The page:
The impasse at the Senate over the criteria for allocating resources to counties looks set to run for a while, with various camps in the debate having hardened their stance on the matter.
In the meantime, counties have continued to go without cash, and with that a host of problems are likely to crop up in service delivery to Kenyans.
The state of the economy at the moment does not give those in power much room to play politics with national resources.
The Covid-19 pandemic that is spreading fast requires that counties be on their best guard to contain infections, given that the health function has been devolved. In order to do this, they need access to their budgetary allocations, given that many have very poor records of collecting own-source revenue.
They need money to set up isolation centres, buy medicine and pay health workers, whose input in saving lives during the pandemic is critical, but is sadly not appreciated enough.
Beyond the present health crisis, counties are also a vital cog in ensuring that cash flows through the economy. Businesses rely on payments for services rendered to county governments in order to afford to pay their staff, make new orders and deliveries and generally keep money flowing through people’s pockets.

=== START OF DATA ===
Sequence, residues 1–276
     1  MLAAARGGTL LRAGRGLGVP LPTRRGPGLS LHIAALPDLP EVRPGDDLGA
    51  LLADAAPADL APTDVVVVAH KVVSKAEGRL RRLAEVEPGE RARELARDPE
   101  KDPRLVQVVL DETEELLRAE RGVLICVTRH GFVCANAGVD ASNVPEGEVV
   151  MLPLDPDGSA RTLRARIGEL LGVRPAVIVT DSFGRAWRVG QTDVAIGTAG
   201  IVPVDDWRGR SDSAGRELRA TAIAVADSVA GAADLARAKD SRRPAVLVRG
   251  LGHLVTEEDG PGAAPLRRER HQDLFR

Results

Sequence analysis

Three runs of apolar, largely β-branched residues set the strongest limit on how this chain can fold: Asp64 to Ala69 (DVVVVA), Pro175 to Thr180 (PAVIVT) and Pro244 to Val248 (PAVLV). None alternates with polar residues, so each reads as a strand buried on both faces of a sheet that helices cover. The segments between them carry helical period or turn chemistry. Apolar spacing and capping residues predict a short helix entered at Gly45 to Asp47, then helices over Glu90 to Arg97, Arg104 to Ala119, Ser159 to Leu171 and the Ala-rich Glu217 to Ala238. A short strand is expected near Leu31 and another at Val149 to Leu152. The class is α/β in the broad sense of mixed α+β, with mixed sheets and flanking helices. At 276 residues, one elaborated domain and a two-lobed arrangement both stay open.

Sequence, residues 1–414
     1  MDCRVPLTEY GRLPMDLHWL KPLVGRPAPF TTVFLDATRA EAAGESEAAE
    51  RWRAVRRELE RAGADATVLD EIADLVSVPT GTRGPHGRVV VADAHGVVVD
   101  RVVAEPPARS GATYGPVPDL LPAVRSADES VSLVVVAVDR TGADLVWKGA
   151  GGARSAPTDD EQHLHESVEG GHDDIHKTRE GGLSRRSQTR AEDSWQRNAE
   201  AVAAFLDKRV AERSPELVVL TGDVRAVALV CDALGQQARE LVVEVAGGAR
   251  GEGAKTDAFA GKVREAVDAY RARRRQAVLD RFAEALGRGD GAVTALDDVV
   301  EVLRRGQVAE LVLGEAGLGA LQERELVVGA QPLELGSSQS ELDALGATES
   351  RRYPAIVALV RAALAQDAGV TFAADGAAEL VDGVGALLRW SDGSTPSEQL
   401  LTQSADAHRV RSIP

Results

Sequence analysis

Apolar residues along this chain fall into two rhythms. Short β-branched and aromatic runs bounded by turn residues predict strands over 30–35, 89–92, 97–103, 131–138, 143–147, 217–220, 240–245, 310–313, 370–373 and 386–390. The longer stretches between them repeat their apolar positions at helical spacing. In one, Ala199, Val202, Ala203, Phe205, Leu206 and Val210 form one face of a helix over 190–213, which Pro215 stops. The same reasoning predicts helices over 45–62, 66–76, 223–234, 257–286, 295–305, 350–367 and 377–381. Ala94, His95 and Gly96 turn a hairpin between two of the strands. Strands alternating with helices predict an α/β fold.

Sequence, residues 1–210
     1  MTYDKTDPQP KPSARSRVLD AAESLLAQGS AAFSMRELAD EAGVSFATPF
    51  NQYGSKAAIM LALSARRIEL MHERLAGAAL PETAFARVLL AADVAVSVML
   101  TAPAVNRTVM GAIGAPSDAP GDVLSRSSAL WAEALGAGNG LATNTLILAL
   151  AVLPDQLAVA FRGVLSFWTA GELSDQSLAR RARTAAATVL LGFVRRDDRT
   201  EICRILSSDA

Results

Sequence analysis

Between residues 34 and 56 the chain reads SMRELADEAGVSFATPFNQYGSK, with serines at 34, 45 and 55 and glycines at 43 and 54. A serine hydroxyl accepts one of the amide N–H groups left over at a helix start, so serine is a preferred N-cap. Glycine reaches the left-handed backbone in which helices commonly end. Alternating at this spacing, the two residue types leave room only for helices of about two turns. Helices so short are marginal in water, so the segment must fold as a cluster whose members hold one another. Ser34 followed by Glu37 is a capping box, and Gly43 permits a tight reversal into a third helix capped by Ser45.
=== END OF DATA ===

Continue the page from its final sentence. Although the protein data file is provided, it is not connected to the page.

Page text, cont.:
The same applies to contractors, who rely on regular payments from the county governments to complete infrastructure projects that are in turn vital in supporting and building businesses and opening up new opportunities in the country.
With this in mind, it is important for the national government and legislators to ensure that counties do not grind to a halt as they await the conclusion of the endless debate on how to allocate funds.
The Treasury should therefore move with speed to invoke the section of the Constitution that allows for the allocation of half of the money due to counties before the passage of the necessary Bills guiding the same.
This will ensure that Kenyans continue to receive vital services especially in the health sector at a time when the need for support from their government is at its highest.